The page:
For the Leaders of Our Future

–written by Lauren Boritzke


Ever since I was little, I’ve absolutely adored stories—writing them, listening to them, or finding them in everyday objects around me. When I was nine, I wrote myself into the Harry Potter series. I grew up listening to my mom share the adventures of her 7-sibling childhood. I kept writing short stories and random thoughts as I pursued my creative writing degree in college. It seemed natural that during my time at the Mid-Continent Oceanographic Institute, I was surrounded with the importance of owning one’s own life story—especially beginning when we’re young.


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It’s been one month since my year-long service term as an AmeriCorps VISTA at MOI ended. This year, I witnessed 42 ninth-grade students take ownership of their places in their communities and write their hearts onto the page; the finished product became an anthology of incredible poems and essays. I helped MOI welcome Dave Eggers to the Twin Cities for a spectacular fundraiser with Kate DiCamillo. I watched a storytelling podcast grow from a sparked idea to a flourishing summer program. I co-organized a fantastically crazy night of trivia—for cheaters—that raised over $15,000 for the creative writing and tutoring programs MOI offers students for free.


I’m so grateful for the opportunity to communicate MOI’s success and growth to the public throughout the year. In a way, telling the stories of MOI’s students was a fantastic way to solidify who I am and what I want my story to be.


When I started at MOI, as I moved past the “what am I doing” phase that’s always part of a new job, I got to know the students in our After-School Homework Help program, Storytelling & Bookmaking Field Trips, and the other programs MOI offers. I was struck by a frustrating reality I hadn’t ever confronted before: many of these students might already have had their life stories written for them. A young student who recently arrived in the country from a remote African village can’t sit still in class. Yet his schooling and language of instruction before had been completely different. How might the systems of our country discourage his authentic self, his sense of belonging, or his English language learning as he grows? An elementary-aged girl wants to be a scientist with her whole heart and saves her pennies for an at-home chemistry set. She chooses to read books about the body’s cells and diseases after she finishes her tutoring sessions. What kind of obstacles will she face in achieving her dream in this country simply because she wears a hijab? I wish I didn’t have to ask these questions, because these students deserve every chance at a fantastic, fulfilling, and equal future. Yet, the way they look, the language they speak, or where they came from has a significant impact on the educational opportunities they receive.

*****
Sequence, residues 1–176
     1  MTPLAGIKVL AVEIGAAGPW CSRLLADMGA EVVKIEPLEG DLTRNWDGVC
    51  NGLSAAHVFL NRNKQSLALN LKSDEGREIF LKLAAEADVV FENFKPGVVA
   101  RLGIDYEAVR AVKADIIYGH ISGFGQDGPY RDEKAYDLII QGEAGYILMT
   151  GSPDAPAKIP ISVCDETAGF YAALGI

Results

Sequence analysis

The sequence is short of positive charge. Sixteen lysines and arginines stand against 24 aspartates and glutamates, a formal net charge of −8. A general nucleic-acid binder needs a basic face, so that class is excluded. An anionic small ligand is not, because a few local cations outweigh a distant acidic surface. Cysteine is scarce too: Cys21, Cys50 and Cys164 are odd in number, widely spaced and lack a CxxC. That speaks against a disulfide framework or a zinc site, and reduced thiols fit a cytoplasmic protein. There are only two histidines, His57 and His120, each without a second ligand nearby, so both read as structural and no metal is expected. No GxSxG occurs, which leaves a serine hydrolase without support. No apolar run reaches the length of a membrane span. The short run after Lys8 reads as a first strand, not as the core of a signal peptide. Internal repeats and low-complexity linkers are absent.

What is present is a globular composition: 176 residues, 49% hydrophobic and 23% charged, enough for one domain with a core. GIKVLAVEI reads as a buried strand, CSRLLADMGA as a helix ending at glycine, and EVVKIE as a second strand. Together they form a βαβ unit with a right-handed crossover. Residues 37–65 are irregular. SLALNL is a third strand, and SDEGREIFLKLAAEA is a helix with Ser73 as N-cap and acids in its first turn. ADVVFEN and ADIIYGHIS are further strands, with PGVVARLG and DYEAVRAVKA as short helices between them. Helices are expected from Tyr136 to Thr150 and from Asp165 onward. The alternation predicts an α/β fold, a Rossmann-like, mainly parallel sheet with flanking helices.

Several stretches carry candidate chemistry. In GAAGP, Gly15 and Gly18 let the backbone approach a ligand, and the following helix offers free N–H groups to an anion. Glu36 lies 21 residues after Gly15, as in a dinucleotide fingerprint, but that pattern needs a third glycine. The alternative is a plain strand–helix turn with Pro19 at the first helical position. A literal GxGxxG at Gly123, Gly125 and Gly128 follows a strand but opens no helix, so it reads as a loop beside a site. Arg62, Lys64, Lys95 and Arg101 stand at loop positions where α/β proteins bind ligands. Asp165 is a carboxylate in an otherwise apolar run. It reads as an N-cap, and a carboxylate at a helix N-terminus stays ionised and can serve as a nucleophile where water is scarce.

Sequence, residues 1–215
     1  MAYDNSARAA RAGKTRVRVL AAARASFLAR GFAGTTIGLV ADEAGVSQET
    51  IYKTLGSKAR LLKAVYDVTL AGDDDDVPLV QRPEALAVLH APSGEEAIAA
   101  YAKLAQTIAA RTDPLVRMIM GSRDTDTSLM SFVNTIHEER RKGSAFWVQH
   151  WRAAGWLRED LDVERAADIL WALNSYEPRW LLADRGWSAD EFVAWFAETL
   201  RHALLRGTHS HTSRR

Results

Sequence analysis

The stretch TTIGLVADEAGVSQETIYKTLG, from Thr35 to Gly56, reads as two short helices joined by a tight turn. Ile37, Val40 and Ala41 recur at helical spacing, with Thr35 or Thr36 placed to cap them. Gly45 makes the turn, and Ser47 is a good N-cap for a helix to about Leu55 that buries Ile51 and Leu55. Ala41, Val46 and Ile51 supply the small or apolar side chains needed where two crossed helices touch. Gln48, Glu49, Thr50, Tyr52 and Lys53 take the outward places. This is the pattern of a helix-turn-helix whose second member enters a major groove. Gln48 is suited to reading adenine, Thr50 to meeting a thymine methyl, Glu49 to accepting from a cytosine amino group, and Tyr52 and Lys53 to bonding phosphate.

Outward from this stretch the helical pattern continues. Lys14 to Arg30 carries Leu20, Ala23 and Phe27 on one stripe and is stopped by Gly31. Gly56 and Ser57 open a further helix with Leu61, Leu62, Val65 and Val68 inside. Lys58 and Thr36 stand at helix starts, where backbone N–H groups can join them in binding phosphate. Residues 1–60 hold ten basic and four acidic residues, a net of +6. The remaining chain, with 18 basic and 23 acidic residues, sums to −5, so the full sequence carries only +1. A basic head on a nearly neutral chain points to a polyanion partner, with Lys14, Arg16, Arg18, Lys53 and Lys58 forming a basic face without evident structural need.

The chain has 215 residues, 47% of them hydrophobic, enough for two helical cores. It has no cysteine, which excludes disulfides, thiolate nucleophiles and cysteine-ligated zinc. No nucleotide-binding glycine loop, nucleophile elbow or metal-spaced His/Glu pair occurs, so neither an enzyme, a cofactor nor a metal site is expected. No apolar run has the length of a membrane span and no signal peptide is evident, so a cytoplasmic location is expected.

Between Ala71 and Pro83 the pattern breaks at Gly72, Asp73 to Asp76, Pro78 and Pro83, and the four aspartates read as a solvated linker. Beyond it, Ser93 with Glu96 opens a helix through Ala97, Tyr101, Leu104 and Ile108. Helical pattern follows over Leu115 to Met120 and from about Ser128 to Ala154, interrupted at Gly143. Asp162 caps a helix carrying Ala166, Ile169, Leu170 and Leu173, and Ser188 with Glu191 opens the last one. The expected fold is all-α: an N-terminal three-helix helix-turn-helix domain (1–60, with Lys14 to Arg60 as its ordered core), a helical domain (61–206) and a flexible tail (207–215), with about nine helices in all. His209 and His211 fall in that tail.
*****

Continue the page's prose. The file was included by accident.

While it’s easy to be consumed by the negatives and shortcomings in our federal and educational policies, it’s critical for me to remind others of the exuberant, creative, and spectacular goodness that lives inside the walls of MOI. It’s a place where no student’s dream is too big or too far out of reach. As 2017 brings record-breaking hurricanes, horrifying gun violence, and the federal dismantling of America’s values of freedom and equality, it seems easy to forget about something as small as a child’s education. But I urge us all to remember that the students of today become the leaders, advocates, and changemakers of the future. Supporting equal and accessible education for every student is an essential part of improving the present and ensuring the beautiful vision we have for the future of our cities—and our world.


It was a gift to work at MOI this past year. My fellow staff and the volunteers who make everything happen encouraged me to see a future where our students take ownership of and write their own stories. As I’ve moved on to work at Climate Generation: A Will Steger Legacy, I’m still telling stories myself. As Communications Coordinator, I’m eager to continue to be of service to an issue that I care deeply about and that is, like the work done at MOI, for the sake of generations to come. I’m so excited about the future of MOI as the capacity for more students to walk through their doors grows with each semester. The leadership, passion, and whimsicality are bound for nothing but success, and I hope to volunteer and support our Twin Cities students with any chance I can get.